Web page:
After years of enthusiastic fan campaigns, raised hopes and dashed dreams, Shenmue III has finally been funded.
The third title in the influential action adventure series, originally developed for the Sega Dreamcast console, finished its Kickstarter campaign at the weekend, attracting just over $6.3m from almost 70,000 investors.
Envisioned and overseen by legendary designer Yu Suzuki, the long-awaited sequel is now the most highly funded video game on the Kickstarter platform, beating previous record-holder Bloodstained: Ritual of the Night by almost a million dollars. Shenmue III was also the fastest title to shoot through the one million dollar funding mark, reaching the figure less than two hours after the Kickstarter launch. The game went on to earn its $2m target within nine hours.
But there are still a few questions hanging over the project. Here’s what we know.
Who’s developing Shenmue III?
While Yu Suzuki is creative director on the project, the game is being developed by Shinjuku-based studio Neilo, previously responsible for the offbeat PlayStation rhythm action-based role-playing game Orgarhythm. It’s not a huge legacy, but then, the chief executive is Takeshi Hirai, one of the lead coders on the original Shenmue back in 1999.
The company has been busy building the development team over the last few months, recruiting several more Shenmue veterans, including original character designer Kenji Miyawaki and voice actors Corey Marshall and Masaya Matsukaze who voiced lead character Ryo in the previous two instalments.
Is the game being made for $6m?
Released back in 1999, the original Shenmue was one of the most expensive games ever made, with a reported development budget of around $50m. The title was hugely ambitious, allowing players extraordinary freedom within its 1980s-themed urban environment; it is considered an important forerunner of the open-world genre.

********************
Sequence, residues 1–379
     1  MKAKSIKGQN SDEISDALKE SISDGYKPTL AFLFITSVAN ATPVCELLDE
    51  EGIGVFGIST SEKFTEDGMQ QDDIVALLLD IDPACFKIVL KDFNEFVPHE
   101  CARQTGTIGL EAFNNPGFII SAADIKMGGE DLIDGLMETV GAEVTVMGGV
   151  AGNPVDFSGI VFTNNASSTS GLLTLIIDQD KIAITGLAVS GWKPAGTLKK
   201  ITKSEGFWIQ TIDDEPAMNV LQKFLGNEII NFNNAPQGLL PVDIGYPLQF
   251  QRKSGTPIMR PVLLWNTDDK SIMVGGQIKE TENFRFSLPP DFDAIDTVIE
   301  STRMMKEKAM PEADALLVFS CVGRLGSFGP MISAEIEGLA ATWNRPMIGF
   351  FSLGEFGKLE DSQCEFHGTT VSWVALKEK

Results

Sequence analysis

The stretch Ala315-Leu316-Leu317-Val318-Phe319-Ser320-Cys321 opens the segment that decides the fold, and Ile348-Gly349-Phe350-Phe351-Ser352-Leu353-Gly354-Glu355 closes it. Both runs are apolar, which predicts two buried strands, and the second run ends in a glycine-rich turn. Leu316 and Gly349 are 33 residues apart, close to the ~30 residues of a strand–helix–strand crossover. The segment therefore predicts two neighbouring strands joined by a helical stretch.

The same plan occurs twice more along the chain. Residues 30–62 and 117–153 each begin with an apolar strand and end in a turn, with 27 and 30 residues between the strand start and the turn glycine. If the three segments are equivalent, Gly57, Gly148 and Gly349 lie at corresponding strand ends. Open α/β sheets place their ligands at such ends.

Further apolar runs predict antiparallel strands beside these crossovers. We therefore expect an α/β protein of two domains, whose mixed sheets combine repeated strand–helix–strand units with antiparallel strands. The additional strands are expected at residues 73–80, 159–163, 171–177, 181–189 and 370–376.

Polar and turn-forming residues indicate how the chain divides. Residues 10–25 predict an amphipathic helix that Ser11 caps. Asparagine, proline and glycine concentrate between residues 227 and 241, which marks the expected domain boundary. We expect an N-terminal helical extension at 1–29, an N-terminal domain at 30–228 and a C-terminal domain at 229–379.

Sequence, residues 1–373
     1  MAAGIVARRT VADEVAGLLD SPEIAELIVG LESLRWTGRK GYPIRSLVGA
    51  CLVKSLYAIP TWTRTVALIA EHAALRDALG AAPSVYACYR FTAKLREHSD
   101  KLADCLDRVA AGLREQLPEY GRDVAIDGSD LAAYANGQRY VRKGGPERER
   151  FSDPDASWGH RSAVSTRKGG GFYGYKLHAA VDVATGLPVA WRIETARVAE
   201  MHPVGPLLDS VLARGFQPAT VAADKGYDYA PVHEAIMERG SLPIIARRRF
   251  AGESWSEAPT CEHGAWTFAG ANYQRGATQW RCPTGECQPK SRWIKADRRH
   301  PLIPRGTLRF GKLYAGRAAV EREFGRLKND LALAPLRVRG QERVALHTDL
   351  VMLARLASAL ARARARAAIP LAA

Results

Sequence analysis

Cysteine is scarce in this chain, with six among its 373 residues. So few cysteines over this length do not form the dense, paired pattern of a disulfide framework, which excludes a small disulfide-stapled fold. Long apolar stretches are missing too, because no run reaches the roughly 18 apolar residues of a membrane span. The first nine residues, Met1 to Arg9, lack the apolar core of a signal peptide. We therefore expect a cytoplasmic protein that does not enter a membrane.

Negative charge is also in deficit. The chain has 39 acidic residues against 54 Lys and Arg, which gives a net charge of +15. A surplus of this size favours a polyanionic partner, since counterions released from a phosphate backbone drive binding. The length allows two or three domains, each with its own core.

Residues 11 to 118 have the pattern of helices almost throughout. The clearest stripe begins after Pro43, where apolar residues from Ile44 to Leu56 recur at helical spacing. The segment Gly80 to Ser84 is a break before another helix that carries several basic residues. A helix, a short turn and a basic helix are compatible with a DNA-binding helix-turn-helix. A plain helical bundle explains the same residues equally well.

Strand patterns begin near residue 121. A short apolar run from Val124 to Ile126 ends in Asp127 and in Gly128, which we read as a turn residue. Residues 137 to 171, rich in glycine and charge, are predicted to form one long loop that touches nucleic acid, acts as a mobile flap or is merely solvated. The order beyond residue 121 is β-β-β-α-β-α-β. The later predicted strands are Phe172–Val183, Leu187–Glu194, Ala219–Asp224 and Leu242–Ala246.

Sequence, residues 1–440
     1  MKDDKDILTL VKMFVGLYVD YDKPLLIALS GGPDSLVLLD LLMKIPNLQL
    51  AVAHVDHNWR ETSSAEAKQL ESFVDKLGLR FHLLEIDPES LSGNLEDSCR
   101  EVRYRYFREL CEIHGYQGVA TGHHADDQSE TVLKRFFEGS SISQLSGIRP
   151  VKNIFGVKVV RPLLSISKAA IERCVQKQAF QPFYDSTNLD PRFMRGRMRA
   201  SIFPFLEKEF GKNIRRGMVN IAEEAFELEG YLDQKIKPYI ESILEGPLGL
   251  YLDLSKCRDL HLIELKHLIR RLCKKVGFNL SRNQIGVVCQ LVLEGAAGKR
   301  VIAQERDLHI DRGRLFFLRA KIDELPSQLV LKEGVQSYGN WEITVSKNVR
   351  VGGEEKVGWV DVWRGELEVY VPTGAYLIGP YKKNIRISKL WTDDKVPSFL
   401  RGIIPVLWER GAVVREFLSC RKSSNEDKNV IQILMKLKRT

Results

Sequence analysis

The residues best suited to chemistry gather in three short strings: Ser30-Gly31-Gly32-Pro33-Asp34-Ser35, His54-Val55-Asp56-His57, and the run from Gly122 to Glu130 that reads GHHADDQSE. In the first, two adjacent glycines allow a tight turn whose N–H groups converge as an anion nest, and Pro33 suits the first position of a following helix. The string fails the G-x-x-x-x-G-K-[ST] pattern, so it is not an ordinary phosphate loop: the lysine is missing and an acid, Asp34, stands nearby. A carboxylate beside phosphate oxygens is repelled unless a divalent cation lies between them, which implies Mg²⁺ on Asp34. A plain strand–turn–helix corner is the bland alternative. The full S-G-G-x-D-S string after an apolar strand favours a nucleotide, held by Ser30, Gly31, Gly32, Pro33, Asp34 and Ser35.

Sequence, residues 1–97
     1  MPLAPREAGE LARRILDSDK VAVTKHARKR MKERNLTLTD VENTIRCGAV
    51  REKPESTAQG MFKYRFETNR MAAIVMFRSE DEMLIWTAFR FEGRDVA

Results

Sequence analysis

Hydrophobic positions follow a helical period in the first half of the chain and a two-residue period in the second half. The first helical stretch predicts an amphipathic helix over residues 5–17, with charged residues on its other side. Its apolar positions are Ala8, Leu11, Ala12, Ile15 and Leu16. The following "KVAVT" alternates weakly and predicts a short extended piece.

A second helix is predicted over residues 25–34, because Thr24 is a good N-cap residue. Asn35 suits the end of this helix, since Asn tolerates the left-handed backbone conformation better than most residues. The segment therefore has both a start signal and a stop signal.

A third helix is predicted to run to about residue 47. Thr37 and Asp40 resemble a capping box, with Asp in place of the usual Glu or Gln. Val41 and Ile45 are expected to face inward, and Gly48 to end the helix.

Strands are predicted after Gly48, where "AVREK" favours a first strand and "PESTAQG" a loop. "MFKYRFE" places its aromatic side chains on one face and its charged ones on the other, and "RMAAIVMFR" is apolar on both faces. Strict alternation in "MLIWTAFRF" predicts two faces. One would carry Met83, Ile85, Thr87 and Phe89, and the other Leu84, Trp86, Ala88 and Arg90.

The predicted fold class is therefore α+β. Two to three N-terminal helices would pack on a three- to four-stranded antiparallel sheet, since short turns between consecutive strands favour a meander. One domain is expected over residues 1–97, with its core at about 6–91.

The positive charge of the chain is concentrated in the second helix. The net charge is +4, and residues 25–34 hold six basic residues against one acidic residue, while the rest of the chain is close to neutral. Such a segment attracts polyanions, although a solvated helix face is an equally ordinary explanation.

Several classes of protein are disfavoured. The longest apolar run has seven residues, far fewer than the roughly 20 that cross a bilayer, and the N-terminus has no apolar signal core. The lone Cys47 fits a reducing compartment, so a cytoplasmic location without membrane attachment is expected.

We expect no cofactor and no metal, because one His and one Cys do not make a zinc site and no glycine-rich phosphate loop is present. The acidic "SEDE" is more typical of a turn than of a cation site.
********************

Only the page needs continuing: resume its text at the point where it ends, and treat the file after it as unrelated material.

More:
So is this second sequel going to be made for a fraction of that cost? No. Sony announced at E3 that it will be helping to fund at least the PlayStation 4 portion of the game’s development; the project also has another corporate backer, Shibuya Productions. It is not clear yet how much these two, or any further third-party investors, will add to the pool. Suzuki took to the Kickstarter site in June to clarify that none of these companies will receive money from the Kickstarter funds, but the details remain ambiguous. It could be that the corporate investment will be scaled to match the crowdfunded total – it is certainly not unusual for a developer to launch a Kickstarter that acts as a test for public interest and a signpost to potential investors.
Will Shenmue III be an open world game?
While the first two titles allowed players a lot of explorative freedom, they weren’t strictly open-world in the modern sense – you couldn’t visit any area of the map at any time as you can in, say, the Grand Theft Auto titles.
Suzuki has previously stated that, if the game funding reached $10m, the development team would be able to create a truly open world environment, which caused excitement in the Shenmue community. However, the final figure falls $4m short of that. So does that mean the open-world dream is dead? Not necessarily. If further financial investment is later confirmed, it’s possible that this will be funnelled into world development.